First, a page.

Choosing A Christmas Tree Is More Than An Ornamental Process

Finding the perfect Christmas tree can bring joy to your world, but check the tree thoroughly before buying.

"Most people have personal preferences for certain tree species," says Bob Hansen, a Penn State Cooperative Extension agent. "But even a sentimental choice can be a bad one if the tree isn't fresh or has other problems."

Hansen says buyers who purchase live trees or trees from "cut-your-own" tree farms know their tree is fresh. For Christmas shoppers who prefer cut trees, Hansen offers three simple freshness tests:

The needle. Bend several needles on the tree to see if they bend and spring back. "If the needle breaks or doesn't spring back into place, the tree is not fresh," Hansen says.

The bump. Lift the tree and then bump the bottom of the trunk onto the ground several times. If a large number of green needles fall out, the tree is deteriorating. "Shaking may dislodge old needles that fell off naturally and were caught in the foliage," Hansen explains. "Buyers shouldn't rely on this test alone."

Sappy stem. Hansen advises buyers to inspect the sawn stem of the tree. If the stem appears moist and full of sap, the tree is fresh. "If the stem is dry, it also may have been bumped on the ground numerous times," he adds.

Hansen says some tree species are shipped from other areas, and may be less likely to retain freshness. Some Norway pines are shipped from Minnesota and Michigan, and many Douglas-fir trees are grown in Western states.

Once you've purchased a tree, the challenge is maintaining its level of freshness. Hansen suggests these home tips:

Add water. Before setting up a tree, place it in a bucket of water outdoors or in a cool place indoors. "If the tree is stored outside, keep it out of cold, drying winds and the sun." Hansen says. "Snow or rain won't harm the tree, but heat and sun can dry out needles quickly."

Slice for life. When the tree is brought in for decoration, make a fresh cut across the stem butt at least an inch above the existing cut. "The cut should be smooth and clean for maximum water absorption," Hansen says.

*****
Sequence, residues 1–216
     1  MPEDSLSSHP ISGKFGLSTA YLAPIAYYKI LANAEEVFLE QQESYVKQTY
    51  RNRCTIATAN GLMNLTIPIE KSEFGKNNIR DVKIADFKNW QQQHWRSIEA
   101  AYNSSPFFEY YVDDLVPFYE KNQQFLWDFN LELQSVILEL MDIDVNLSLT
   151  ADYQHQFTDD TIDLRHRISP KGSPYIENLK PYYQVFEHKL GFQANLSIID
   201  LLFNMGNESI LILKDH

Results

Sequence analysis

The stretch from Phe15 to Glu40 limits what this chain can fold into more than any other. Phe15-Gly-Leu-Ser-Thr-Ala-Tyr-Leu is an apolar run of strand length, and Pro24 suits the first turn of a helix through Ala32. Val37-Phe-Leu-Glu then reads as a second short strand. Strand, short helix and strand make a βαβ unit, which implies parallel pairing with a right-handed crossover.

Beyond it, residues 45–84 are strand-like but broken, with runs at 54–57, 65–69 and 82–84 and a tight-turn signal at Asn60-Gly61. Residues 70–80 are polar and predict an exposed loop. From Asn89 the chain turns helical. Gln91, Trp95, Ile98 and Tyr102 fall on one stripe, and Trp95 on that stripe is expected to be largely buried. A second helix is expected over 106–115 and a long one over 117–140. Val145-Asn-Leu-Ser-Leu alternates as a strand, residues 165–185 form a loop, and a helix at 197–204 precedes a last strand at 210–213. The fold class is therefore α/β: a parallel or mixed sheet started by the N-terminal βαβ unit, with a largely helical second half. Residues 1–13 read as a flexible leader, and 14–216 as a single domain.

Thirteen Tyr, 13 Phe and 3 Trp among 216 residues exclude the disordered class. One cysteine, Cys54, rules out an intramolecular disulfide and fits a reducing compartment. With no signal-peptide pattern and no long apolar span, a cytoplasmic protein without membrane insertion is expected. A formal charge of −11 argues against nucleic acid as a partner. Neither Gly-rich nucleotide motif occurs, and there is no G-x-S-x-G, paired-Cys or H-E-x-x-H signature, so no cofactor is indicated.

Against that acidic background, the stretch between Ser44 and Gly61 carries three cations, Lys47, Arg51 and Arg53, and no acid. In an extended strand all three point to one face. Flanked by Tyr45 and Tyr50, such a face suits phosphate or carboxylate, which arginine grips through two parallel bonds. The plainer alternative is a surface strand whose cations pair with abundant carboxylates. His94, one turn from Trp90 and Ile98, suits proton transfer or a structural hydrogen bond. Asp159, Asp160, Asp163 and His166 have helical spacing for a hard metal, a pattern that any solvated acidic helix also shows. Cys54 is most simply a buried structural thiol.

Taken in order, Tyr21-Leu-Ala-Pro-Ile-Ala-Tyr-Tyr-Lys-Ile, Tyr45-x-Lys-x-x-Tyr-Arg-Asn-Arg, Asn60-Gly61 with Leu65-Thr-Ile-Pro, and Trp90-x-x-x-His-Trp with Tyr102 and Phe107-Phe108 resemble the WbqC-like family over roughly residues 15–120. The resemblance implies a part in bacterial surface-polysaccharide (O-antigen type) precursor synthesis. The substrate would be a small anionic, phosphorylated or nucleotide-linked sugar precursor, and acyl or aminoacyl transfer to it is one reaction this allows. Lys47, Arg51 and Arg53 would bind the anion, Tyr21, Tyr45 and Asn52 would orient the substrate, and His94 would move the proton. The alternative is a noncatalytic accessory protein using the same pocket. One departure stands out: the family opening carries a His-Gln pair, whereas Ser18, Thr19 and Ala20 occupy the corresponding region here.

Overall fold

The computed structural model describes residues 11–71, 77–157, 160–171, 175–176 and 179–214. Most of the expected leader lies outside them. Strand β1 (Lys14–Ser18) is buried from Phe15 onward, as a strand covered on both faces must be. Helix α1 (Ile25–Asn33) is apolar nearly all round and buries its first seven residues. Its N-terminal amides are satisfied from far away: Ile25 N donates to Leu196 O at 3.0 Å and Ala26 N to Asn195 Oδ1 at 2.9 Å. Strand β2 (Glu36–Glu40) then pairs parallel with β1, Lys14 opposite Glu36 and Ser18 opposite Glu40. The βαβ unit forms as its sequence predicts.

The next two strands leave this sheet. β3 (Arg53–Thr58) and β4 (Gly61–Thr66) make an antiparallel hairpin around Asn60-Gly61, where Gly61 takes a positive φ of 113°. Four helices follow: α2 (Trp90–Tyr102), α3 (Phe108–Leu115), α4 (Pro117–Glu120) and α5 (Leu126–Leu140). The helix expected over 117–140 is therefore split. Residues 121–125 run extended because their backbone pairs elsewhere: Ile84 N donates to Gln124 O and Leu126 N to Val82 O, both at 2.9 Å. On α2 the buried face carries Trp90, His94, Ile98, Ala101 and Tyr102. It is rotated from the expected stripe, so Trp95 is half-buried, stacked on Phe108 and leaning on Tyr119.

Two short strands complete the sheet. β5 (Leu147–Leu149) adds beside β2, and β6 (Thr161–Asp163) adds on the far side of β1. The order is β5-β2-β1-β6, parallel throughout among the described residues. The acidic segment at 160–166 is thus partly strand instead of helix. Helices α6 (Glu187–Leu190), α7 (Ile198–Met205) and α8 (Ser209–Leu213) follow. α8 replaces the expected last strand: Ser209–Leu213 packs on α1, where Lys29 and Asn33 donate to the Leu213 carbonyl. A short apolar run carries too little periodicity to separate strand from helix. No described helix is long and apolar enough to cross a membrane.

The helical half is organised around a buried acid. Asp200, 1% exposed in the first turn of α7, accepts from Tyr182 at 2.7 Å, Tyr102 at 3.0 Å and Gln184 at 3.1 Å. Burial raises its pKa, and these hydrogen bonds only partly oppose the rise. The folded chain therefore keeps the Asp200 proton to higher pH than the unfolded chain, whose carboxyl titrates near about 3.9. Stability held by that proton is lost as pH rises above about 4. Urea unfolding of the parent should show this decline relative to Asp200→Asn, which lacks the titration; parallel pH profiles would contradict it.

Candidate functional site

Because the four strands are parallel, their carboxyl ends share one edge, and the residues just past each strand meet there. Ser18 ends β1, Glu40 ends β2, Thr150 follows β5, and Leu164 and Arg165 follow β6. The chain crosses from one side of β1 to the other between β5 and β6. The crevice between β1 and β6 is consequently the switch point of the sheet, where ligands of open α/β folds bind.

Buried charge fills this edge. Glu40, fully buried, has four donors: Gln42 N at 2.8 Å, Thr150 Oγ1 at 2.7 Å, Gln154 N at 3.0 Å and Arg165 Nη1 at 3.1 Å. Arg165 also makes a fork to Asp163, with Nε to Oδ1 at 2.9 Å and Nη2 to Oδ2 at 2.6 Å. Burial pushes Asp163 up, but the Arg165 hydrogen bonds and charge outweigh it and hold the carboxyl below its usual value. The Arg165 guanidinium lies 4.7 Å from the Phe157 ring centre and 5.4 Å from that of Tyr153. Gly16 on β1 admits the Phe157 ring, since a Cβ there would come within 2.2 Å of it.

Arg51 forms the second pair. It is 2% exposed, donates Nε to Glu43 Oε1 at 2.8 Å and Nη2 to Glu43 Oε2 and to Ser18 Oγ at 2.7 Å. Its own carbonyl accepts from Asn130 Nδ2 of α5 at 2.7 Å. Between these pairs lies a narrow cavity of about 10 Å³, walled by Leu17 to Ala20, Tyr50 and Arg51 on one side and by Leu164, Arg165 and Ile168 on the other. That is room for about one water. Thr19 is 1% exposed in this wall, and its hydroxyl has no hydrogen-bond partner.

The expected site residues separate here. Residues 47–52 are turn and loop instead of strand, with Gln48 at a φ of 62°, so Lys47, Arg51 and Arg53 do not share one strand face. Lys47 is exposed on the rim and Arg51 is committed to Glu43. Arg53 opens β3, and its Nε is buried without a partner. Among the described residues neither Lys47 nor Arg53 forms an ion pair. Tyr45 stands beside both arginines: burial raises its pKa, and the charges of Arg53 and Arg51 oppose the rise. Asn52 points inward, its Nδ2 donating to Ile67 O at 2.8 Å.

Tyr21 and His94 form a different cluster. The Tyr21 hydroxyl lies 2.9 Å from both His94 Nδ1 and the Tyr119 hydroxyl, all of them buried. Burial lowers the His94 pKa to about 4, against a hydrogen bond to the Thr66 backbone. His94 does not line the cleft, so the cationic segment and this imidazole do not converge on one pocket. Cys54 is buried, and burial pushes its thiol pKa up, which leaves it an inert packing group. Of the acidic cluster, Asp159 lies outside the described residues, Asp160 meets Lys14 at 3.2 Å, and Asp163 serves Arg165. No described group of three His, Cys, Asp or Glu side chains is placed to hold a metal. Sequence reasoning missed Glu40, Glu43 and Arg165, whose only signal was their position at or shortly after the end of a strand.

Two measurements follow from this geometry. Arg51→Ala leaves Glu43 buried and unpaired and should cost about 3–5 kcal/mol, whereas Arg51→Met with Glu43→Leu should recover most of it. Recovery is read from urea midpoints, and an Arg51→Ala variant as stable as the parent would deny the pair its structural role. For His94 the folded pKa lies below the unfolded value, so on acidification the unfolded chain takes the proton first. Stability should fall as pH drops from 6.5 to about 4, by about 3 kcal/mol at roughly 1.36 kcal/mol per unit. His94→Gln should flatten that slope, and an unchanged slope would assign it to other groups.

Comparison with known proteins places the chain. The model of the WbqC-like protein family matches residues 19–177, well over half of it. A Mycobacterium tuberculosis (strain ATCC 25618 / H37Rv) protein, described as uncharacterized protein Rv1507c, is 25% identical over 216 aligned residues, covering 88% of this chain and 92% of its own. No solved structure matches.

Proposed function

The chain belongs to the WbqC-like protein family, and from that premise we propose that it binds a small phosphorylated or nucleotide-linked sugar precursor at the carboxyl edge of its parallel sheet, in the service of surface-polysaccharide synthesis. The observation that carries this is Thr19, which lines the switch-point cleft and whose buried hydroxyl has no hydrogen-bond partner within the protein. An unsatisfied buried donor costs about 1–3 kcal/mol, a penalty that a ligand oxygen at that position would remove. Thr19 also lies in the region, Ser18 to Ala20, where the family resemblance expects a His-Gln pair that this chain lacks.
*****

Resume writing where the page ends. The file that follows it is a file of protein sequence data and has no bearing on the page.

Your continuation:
Keep checking water. The reservoir of the tree stand should be filled above the base of the stem. "Trees use a tremendous amount of water, sometimes two quarts per day," Hansen says. "If the reservoir goes dry, it will inhibit the tree's ability to absorb more water, even if the stand is refilled," he warns.

Hansen also cites advice from Penn State and Cornell University to keep the home clean and safe during holidays.

  • Vacuum any needles falling on carpets. Green needles can cause stains.
  • Apply commercial spot remover to any pitch stains. Use small amounts and blot with a clean, white cloth. Do not use carbon tetrachloride, gasoline or lighter fluid.
  • Keep trees away from heat sources such as fireplaces, radiators, heater vents or television sets. Use fireproof decorations and light reflectors. Lights with brittle or cracked insulation should be replaced.
  • Before using them on the tree, plug in all light sets to detect burned-out bulbs or short circuits.
  • Don't overload electrical circuits. A typical tree strand with 36 bulbs adds 250 watts to the circuit. A 15 amp fuse is capable of handling 1,500 watts. If a fuse blows, it means the line is overloaded or it is attached to defective equipment.
  • Never leave home without turning the tree lights off.

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